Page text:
Wednesday, April 4, 2012


Quacks who push woo (a term used in the 1990s by science and skeptical writers to ridicule people who believe, possibly from the onomatopoeia (1) "woooooo!" as a reaction to dimmed lights or magic tricks) treatments rely on the placebo effect when arguing that their "cures" have an effect. Which is why medical tests need to pit a drug against a placebo: anything will usually perform better than nothing. Often, proponents of alternative medicine have rejected placebo controlled experiments which invariably come up negative.
[1] a word that imitates or suggests the source of the sound that it describes, first used in around 1577 AD
A double-blind test, where some patients receive the treatment being examined, and others get a placebo. Neither the patients or the administrators of the treatment know who is in which group. In order for the treatment to be proved useful, it must produce results that are better than the placebo at a statistically significant level. It also involves making sure the beliefs or subconscious mind of the tester or evaluator cannot UN-intentionally affect the results as in "BIAS"(maintain an objective neutral point of view ). Actually, for healing modalities, you’d want at least 3 groups. Group1 does the healing modality, Group2 goes through the motions of the healing modality and Group3 receives conventional treatment or placebo.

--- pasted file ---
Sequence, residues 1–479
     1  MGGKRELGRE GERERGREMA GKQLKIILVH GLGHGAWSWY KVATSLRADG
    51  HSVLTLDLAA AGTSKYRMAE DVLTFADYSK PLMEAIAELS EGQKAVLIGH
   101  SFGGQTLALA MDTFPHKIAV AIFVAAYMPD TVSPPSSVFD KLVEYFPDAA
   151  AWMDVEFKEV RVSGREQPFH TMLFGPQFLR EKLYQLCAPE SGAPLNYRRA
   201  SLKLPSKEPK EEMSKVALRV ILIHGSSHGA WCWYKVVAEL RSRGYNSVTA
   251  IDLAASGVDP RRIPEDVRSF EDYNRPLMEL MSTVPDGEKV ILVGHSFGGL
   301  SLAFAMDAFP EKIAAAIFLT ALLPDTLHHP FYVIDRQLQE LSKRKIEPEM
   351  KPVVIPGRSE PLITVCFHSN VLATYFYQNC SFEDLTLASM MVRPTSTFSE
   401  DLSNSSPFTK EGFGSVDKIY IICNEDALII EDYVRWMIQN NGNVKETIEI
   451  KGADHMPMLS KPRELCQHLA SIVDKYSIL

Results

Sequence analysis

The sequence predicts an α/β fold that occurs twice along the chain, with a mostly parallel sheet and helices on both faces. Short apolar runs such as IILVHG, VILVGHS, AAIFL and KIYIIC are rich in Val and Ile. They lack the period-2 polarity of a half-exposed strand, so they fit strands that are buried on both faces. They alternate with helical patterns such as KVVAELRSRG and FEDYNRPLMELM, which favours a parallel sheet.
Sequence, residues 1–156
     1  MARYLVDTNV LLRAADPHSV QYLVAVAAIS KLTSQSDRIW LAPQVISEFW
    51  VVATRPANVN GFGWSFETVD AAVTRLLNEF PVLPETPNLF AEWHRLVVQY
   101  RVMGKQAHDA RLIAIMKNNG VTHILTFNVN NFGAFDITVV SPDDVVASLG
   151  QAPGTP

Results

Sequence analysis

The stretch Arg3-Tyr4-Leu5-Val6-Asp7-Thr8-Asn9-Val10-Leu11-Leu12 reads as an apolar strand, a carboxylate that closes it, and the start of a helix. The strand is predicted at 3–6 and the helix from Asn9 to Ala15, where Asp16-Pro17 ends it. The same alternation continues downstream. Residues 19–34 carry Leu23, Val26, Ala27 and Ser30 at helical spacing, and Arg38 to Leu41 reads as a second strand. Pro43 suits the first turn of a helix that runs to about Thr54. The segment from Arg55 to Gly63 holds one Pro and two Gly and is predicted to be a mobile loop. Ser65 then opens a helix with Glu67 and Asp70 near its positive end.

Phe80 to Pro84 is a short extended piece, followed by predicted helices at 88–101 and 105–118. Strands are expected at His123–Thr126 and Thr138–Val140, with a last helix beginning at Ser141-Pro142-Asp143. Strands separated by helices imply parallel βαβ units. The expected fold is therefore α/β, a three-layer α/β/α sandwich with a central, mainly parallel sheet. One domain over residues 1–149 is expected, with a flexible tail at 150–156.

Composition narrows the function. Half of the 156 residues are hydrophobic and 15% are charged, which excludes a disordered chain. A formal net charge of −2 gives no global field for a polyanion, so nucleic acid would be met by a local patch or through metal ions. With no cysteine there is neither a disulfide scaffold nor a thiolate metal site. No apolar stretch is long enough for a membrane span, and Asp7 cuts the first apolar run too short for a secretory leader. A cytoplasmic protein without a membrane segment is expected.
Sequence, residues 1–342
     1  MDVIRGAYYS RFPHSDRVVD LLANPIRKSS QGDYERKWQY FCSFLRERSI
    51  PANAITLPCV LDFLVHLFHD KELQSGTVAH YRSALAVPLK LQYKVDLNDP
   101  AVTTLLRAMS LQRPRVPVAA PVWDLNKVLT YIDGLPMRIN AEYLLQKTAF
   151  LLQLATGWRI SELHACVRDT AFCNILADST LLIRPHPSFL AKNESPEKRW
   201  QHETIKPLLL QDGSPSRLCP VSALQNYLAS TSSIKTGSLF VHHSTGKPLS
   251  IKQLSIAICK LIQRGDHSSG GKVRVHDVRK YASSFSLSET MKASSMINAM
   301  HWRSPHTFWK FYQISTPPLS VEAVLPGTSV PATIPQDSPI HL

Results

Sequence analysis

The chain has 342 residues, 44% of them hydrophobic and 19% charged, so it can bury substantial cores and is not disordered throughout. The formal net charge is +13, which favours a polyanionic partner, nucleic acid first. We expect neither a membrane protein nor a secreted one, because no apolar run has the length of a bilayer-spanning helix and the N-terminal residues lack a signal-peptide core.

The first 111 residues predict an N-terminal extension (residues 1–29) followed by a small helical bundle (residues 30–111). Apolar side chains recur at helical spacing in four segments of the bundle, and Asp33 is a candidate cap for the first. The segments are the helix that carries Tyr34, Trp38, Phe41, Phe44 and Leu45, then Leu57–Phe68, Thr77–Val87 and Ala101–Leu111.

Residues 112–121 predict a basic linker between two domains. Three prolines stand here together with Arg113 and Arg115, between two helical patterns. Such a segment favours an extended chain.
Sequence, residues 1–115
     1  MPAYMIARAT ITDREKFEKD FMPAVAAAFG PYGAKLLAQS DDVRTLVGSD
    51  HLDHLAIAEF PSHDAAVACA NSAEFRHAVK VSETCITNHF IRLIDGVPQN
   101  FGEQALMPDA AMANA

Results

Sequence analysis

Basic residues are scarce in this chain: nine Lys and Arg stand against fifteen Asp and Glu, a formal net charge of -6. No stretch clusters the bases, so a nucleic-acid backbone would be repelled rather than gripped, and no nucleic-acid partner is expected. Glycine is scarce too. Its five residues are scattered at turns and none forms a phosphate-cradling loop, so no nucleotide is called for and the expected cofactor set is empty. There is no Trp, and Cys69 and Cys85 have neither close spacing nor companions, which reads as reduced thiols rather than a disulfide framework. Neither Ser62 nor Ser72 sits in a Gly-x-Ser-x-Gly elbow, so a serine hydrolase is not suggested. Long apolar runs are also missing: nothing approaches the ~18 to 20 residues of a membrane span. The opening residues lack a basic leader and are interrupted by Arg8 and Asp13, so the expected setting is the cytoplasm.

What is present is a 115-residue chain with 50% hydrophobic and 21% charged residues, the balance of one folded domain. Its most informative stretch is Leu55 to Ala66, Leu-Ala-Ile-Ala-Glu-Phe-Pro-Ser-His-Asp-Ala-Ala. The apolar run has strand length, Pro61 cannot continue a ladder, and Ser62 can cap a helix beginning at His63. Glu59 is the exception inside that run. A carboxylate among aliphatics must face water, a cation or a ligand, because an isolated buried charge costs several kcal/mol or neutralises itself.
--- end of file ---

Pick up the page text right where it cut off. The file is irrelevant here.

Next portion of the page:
"Quack" derives from the 17th century word "quacksalver"[2], in turn from the Dutch word kwakzalver (hawker of salve). Both "quack" and "kwak" originate from the Middle Dutch quacken (to brag or boast). Quacksalvers would appear in town market's offering cure-alls (Snake Oil salesman) in bottles to anyone gullible to part with their money.
[2] One falsely claiming to possess medical or other skills, especially one who dispenses potions, ointments, etc. supposedly having curative powers.
The day after I read this I noticed Negative ION Bracelets at the mall.

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